GEOL133 Final Paper: Providence’s Urban Heat Island

This was my final paper for GEOL1330: Global Environmental Remote Sensing, where I used ASTER thermal infrared data to quantify the urban heat island of Providence, RI.

Providence’s Urban Heat Island: An Analysis with ASTER and Thermal Truthing


Understanding the urban heat island is critical for public health officials, urban planners and policymakers as they shape the future of cities. In this study, thermal infrared ASTER data is used to characterize the nature of the urban heat island in Providence, Rhode Island and how it relates to vegetation coverage. Temperatures in the downtown area on a 22°C August night are found to be approximately 2°C warmer than nearby suburban areas, and 3°C warmer than the closest rural areas. Temperatures are found to be inversely correlated with vegetation coverage as calculated using NDVI. Historical air temperatures are used to ground-truth the thermal data. These values are within the 1.5°C range of precision for the advanced AST_08 product, which takes surface emissivity into account, in eight of ten scenes. The AST_04 product, which does not take surface emissivity into account, severely underestimated air temperature in all cases.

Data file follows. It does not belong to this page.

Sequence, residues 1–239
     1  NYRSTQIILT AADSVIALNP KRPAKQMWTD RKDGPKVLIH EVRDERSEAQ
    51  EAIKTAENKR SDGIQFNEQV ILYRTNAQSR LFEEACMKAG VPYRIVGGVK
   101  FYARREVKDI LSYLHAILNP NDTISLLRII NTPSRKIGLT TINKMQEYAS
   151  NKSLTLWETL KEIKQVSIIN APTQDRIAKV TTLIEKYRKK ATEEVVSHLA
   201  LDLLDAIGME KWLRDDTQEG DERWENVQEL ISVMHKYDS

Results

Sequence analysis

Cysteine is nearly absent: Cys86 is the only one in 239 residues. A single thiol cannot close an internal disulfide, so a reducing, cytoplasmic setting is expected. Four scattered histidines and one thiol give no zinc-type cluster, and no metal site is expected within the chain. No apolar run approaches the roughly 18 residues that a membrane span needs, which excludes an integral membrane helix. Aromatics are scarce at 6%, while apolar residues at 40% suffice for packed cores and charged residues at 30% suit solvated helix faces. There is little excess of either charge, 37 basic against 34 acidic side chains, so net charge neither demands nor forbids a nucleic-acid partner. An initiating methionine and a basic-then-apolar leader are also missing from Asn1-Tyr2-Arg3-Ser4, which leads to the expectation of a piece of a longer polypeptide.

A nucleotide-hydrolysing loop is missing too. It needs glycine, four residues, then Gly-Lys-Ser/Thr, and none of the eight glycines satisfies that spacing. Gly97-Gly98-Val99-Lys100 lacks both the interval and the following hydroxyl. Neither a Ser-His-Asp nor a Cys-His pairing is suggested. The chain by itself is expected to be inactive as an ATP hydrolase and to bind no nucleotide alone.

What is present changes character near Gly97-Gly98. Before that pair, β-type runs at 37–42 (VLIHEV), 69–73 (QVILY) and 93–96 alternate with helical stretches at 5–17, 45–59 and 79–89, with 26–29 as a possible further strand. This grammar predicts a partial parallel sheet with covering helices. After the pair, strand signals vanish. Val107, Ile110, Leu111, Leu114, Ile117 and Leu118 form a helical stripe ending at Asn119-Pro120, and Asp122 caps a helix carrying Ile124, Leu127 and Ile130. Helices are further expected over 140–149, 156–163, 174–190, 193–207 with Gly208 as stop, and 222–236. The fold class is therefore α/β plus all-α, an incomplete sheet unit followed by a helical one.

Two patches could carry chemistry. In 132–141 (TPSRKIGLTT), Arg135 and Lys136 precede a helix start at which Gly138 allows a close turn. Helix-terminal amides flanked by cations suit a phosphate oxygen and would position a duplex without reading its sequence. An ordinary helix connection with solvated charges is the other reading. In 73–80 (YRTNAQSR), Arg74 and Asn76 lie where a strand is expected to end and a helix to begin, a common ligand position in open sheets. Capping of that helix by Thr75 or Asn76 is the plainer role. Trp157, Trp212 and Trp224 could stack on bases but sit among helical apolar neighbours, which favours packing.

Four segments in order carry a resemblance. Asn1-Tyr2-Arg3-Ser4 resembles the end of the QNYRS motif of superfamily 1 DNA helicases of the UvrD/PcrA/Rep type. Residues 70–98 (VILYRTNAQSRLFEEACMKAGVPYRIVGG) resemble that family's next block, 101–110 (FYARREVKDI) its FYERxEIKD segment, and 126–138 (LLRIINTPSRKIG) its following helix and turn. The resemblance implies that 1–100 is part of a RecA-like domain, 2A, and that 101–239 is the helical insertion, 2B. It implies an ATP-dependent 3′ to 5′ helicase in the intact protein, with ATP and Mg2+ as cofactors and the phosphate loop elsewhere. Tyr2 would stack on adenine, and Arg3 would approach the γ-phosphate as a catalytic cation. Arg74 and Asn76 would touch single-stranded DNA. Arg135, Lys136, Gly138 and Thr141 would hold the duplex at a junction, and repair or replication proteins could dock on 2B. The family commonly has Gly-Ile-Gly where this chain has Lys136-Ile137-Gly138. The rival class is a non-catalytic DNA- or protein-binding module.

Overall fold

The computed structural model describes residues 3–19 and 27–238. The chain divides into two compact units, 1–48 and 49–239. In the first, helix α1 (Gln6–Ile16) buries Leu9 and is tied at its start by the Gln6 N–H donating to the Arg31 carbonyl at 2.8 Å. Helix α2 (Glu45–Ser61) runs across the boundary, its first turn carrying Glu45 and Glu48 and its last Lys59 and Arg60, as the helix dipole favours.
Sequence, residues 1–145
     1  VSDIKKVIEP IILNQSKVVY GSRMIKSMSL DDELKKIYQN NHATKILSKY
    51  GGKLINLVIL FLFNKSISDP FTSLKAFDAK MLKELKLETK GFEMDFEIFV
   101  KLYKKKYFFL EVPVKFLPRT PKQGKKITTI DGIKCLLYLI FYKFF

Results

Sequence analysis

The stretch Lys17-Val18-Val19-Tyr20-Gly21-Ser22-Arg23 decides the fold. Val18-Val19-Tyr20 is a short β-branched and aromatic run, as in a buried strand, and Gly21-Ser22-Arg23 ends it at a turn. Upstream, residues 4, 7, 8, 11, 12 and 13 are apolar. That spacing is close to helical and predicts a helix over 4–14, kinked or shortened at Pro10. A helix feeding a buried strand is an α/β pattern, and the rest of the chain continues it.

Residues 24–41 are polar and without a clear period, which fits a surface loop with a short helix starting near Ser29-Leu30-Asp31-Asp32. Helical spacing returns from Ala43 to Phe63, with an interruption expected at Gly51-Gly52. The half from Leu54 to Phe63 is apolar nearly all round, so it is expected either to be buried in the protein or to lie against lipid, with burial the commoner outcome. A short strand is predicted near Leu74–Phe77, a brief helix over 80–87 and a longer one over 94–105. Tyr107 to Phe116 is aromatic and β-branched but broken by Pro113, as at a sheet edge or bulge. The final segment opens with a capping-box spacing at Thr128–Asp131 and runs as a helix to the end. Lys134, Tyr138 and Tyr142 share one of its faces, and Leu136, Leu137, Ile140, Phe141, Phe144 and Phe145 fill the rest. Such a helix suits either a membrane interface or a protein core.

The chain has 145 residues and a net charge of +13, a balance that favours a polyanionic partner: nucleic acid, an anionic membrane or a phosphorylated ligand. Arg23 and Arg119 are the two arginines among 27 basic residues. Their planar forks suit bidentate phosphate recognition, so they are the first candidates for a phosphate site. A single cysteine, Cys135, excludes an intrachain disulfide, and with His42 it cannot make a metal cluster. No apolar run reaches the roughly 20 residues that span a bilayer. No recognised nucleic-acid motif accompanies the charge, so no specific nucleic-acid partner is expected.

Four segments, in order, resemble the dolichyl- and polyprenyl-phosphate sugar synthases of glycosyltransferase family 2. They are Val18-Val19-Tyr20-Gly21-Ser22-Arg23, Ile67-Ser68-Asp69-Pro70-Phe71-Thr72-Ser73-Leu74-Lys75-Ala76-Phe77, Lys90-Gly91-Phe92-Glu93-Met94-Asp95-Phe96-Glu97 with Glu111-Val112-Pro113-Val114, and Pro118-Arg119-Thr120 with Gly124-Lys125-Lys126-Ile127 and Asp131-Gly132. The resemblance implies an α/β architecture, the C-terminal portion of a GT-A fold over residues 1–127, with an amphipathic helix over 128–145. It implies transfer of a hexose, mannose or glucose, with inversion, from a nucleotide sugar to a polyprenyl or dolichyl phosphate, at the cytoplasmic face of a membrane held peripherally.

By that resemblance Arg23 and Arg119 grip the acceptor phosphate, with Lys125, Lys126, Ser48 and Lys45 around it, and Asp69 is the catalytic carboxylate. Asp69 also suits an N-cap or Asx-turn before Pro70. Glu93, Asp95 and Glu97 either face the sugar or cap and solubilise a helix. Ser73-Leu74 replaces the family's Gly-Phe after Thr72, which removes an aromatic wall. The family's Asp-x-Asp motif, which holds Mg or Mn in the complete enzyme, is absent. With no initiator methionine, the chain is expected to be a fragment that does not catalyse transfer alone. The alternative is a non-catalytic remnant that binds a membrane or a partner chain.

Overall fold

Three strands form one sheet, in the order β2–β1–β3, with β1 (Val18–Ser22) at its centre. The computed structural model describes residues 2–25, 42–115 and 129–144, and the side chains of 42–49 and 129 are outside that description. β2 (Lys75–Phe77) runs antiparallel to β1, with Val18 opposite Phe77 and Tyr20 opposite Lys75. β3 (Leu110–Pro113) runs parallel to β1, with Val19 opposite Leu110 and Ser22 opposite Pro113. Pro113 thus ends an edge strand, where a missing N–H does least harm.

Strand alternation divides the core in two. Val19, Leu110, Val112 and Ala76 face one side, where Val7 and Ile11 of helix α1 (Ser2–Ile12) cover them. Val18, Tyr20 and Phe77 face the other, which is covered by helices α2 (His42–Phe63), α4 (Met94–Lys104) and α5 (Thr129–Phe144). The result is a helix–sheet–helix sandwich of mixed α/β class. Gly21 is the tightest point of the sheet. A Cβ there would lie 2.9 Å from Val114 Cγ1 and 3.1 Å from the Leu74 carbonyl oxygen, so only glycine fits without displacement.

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Block Island Field Trip

For my remote sensing class, we went on a ground-truthing trip to Block Island. In lab, we each did a region-of-interest supervised classification of some IKONOS data. The purpose of the field trip was to assess the accuracy of our classification. We lucked out on the date of the field trip and got perfect weather: clear skies and high 70s.

Using a few of the photos from Sachem Pond, I made my first panorama (Photoshop did most/all of the work). Considering I just used the automatic warp and default settings, it came out really nicely.

Sachem Pond, Block Island

Check out the rest of the photos below:

Impacts of sea level rise on Seattle, WA


This is a web-formatted version of my final project for GEO132. See above for the poster version.


Among the many impacts of global warming, only sea-level rise physically displaces people and their communities. Understanding the impacts of rising oceans is especially important since so many densely populated urban areas exist in coastal regions. I hope to gain a better understanding of these impacts through the use of a geographic information system.

Research questions:

  • How much land will different amounts of sea-level rise displace in an urban area?
  • How does this coverage disproportionately affect different building zones (e.g. residential, commercial, industrial)?

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